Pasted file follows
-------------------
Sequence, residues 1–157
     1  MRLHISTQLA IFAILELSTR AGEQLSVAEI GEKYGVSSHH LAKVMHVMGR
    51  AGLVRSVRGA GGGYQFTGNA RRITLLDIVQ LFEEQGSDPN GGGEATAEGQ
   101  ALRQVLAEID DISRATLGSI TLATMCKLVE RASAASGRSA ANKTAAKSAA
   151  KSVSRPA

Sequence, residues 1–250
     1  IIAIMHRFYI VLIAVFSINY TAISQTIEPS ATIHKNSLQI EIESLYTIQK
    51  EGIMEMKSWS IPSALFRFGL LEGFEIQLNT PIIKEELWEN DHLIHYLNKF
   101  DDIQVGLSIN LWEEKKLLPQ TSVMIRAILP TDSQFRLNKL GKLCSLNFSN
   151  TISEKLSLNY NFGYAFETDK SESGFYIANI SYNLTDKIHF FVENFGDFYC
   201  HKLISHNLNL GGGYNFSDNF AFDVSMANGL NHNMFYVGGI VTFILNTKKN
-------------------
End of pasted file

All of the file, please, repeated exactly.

Sequence, residues 1–157
     1  MRLHISTQLA IFAILELSTR AGEQLSVAEI GEKYGVSSHH LAKVMHVMGR
    51  AGLVRSVRGA GGGYQFTGNA RRITLLDIVQ LFEEQGSDPN GGGEATAEGQ
   101  ALRQVLAEID DISRATLGSI TLATMCKLVE RASAASGRSA ANKTAAKSAA
   151  KSVSRPA

Sequence, residues 1–250
     1  IIAIMHRFYI VLIAVFSINY TAISQTIEPS ATIHKNSLQI EIESLYTIQK
    51  EGIMEMKSWS IPSALFRFGL LEGFEIQLNT PIIKEELWEN DHLIHYLNKF
   101  DDIQVGLSIN LWEEKKLLPQ TSVMIRAILP TDSQFRLNKL GKLCSLNFSN
   151  TISEKLSLNY NFGYAFETDK SESGFYIANI SYNLTDKIHF FVENFGDFYC
   201  HKLISHNLNL GGGYNFSDNF AFDVSMANGL NHNMFYVGGI VTFILNTKKN